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Noach for Tweens: The First Tzaddik

  • Noach for Tweens: The First Tzaddik

    Noach, Genesis 6:9−11:32

God observes that the earth has become corrupt. This parashah contains another type of creation story, one in which God destroys all life on earth in a flood, except for Noah, his family, and the pairs of animals who survive with Noah on the ark that he builds.The fourth aliyah describes the emergence from the ark at the end of the flood. This is Noah's first action on dry land:

Noah then built an altar in honor of the Eternal; taking some pure beasts and some pure birds, he offered up whole burnt-offerings on the altar. (8:20)


How easy it would have been to succumb to despair, to find the idea of rebuilding human civilization daunting. Instead Noah does more than survive a near-death experience; he perseveres and begins again. Now that the ark has landed on dry land Noah offers up a sacrifice of thanks. Noah, the first tzaddik (righteous human being), immediately acknowledges his dependence on God and his mortality, and thereby sets a new tone and a new standard for the human enterprise.

Rather than destroy life entirely, God preserves a righteous remnant and re-creates the world. This second creation emerges out of the first one. New life springs from a refined, ethically worthy creation. Following Noah's sacrifice, God blesses Noah and his sons and commands them to reproduce, a near duplicate of the blessing God gave to Adam. The Zohar reinforces this idea, teaching that the sacrifice that Noah offers is on the same altar as the one Adam built (1:70). There is destruction concomitant with rebirth and revolution accompanied by continuity. This marvelous juxtaposition of opposites is a recurring theme throughout Torah. God expects that Noah will carry on, literally and figuratively, from the catastrophe he has witnessed. Noah must pick up the pieces of life on earth and begin again. God learned from failure, providing a holy model worthy of our imitation.

Noah's new beginning is not simply a repeat of the first creation. Noah's story begins with worship and thanks; it is morally centered. According to Sarna, Noah's sacrifice is a way of cleansing the earth and starting anew (JPS Commentary, 59). God destroyed people and animals because of pervasive corruption. Noah's sacrifice wipes away the desecration and renews the connection between God and humankind. Cataclysm seems to bring out the best and the worst in human nature. Ironically, we are writing this commentary in the wake of a series of natural disasters that make these thoughts all too real. We have witnessed those remarkable people who are motivated to demonstrate their intimations of divinity, qualities of heroism, selflessness and compassion. Psychologist Robert Coles struggles with the idea that adverse conditions can bring out the best in people,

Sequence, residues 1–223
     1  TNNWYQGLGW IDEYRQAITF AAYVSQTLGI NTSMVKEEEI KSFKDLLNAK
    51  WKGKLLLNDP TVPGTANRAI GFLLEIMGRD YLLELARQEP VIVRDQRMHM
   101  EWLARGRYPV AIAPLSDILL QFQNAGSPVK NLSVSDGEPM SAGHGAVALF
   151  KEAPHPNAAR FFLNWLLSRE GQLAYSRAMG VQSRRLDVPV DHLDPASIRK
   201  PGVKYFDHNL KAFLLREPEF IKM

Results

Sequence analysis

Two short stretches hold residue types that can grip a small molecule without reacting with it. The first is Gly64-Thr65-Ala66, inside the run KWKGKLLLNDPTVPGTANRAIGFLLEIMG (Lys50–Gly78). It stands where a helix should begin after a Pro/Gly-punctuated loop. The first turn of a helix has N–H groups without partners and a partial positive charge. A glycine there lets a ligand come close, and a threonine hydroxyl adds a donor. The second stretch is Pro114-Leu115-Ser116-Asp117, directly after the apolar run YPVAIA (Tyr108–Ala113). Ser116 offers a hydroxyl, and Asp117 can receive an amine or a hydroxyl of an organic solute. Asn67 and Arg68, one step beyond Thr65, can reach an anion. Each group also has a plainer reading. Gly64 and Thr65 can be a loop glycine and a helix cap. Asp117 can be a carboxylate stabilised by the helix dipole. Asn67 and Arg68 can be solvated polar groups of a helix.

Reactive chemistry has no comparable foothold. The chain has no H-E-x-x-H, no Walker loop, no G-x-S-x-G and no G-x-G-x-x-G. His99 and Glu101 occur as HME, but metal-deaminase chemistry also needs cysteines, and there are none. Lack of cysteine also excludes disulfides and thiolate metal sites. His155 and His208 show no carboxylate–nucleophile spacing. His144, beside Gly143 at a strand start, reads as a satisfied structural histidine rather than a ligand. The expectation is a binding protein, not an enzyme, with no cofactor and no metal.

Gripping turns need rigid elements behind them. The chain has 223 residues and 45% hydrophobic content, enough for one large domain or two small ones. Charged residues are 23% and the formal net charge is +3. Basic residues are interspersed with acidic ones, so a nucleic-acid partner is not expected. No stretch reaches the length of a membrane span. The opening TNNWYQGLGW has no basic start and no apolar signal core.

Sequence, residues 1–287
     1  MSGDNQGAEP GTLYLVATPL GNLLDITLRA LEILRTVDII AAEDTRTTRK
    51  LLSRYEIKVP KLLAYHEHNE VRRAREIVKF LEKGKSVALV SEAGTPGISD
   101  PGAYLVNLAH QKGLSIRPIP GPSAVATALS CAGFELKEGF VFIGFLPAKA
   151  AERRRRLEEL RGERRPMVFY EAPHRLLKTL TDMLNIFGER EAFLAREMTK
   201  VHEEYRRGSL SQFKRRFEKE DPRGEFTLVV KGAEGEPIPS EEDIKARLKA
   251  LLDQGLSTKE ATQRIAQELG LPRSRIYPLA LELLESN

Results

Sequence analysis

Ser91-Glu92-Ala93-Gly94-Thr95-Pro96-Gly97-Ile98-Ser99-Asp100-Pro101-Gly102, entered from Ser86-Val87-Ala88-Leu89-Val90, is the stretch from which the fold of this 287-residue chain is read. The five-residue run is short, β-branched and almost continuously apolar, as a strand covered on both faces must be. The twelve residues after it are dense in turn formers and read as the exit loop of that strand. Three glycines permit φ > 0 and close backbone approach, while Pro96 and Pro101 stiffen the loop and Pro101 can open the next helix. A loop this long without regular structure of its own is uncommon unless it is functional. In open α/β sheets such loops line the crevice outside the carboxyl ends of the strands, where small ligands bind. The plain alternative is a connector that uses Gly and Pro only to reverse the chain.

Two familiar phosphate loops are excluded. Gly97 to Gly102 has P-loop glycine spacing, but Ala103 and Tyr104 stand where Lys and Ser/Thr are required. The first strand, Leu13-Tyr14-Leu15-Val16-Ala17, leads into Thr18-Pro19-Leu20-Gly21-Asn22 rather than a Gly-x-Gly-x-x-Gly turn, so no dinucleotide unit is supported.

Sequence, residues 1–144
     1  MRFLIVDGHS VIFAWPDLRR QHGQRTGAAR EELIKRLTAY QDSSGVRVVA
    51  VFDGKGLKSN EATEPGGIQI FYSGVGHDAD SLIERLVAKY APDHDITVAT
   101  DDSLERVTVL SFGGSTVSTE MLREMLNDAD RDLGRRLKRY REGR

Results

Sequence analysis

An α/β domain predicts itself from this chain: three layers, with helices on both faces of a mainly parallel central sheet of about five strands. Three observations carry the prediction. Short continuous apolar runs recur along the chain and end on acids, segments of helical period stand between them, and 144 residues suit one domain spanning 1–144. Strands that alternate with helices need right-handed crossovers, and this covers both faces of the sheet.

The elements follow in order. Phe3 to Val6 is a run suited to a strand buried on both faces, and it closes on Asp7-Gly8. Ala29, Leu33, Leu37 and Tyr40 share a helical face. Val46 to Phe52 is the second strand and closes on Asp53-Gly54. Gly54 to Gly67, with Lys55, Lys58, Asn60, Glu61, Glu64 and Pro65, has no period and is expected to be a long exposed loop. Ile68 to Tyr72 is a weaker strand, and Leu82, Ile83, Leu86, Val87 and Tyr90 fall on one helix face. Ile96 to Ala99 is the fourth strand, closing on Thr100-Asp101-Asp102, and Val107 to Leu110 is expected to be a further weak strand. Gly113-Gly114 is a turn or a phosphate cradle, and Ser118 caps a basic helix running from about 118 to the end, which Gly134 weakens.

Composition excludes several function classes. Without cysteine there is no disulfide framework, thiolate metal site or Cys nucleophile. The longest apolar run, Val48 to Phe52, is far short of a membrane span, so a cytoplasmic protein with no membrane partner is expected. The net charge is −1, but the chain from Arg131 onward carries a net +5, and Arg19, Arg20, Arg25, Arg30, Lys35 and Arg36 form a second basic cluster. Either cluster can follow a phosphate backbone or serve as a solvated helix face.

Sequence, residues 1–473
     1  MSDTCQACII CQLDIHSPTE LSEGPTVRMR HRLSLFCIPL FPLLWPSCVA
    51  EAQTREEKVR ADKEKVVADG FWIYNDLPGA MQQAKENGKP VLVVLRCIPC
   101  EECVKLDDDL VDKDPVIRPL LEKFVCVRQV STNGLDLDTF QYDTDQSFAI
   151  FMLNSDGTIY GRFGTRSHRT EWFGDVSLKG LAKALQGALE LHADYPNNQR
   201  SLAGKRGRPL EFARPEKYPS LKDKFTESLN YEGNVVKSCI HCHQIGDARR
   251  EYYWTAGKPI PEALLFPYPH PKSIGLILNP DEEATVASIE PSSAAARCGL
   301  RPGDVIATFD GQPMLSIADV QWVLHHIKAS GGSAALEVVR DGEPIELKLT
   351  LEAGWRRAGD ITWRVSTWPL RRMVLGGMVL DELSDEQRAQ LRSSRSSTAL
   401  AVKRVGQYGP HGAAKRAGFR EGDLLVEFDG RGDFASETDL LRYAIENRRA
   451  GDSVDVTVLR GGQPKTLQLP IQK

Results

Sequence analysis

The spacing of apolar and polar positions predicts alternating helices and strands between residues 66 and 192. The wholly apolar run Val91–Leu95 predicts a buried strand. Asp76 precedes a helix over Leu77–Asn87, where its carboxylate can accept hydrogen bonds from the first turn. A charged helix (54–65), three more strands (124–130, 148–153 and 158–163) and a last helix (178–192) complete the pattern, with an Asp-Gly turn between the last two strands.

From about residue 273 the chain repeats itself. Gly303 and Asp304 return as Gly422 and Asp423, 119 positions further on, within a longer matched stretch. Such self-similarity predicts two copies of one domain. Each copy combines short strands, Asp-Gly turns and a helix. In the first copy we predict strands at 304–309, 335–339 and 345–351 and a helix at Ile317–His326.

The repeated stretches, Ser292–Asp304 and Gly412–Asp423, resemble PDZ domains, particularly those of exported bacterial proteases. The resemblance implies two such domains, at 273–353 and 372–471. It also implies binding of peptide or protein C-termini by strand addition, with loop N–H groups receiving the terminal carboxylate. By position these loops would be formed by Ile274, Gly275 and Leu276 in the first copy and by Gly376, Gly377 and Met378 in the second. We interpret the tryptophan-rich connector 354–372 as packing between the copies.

"Disease and death are, in a sense…the big and threatening presence that prompts one to take heed, and figure out how to conduct oneself." (The Moral Life of Children, 131)

In crisis, we have a choice, and the consequences are often polar opposites.

"Death is near you but it can be far from you, appears to be far from you but is near you." (Kohelet Rabbah 8)

When our survival is threatened, we have a choice to be reduced to our most primal instincts or to rise to our most sublime aspirations. It is equally true that when we feel invincible, it serves us to remember that we are vulnerable. In the Jewish year, we have completed the cycle of repentance and rebirth, moving from fasting on Yom Kippur to feasting on Sukkot, and ultimately to joyous renewal of learning on Simchat Torah, when we re-create the first story of Creation. The traditional dress worn on one's wedding day is the kittel, the white jacket worn on Yom Kippur and at burial. Death and birth, blessing and curse, fasting and feasting, corruption and righteousness, love and hate, destruction and creation are more profoundly connected than we may like to believe.

To Talk About

  1. How can tragedy and destruction renew our sense of purpose and determination in life?
  2. Is it always appropriate to rebuild in the face of destruction? When might we leave a scene of destruction and for what purpose?
  3. In your opinion, how are morality and mortality related?

Further Learning

Birkat HaGomeil is the blessing customarily said by someone who has recovered from a serious illness, returned safely from a long journey, or by someone who has survived any type of danger (Siddur Sim Shalom, 402). The blessing says, in translation, "Praised are You, Adonai our God, Ruler of the universe, who graciously bestows favor upon the undeserving, even as God has bestowed favor upon me." These seem to be moments when we are moved to pray to God and directly express our thanks. Why might you want a fixed prayer to recite at such a time? How is this prayer different from one you might spontaneously compose yourself having survived a dangerous experience?

Reference Materials: 

Noach, Genesis 6:9-11:32 
The Torah: A Modern Commentary, pp. 57-91; Revised Edition, pp. 57-83; 
The Torah: A Women's Commentary, pp. 35-58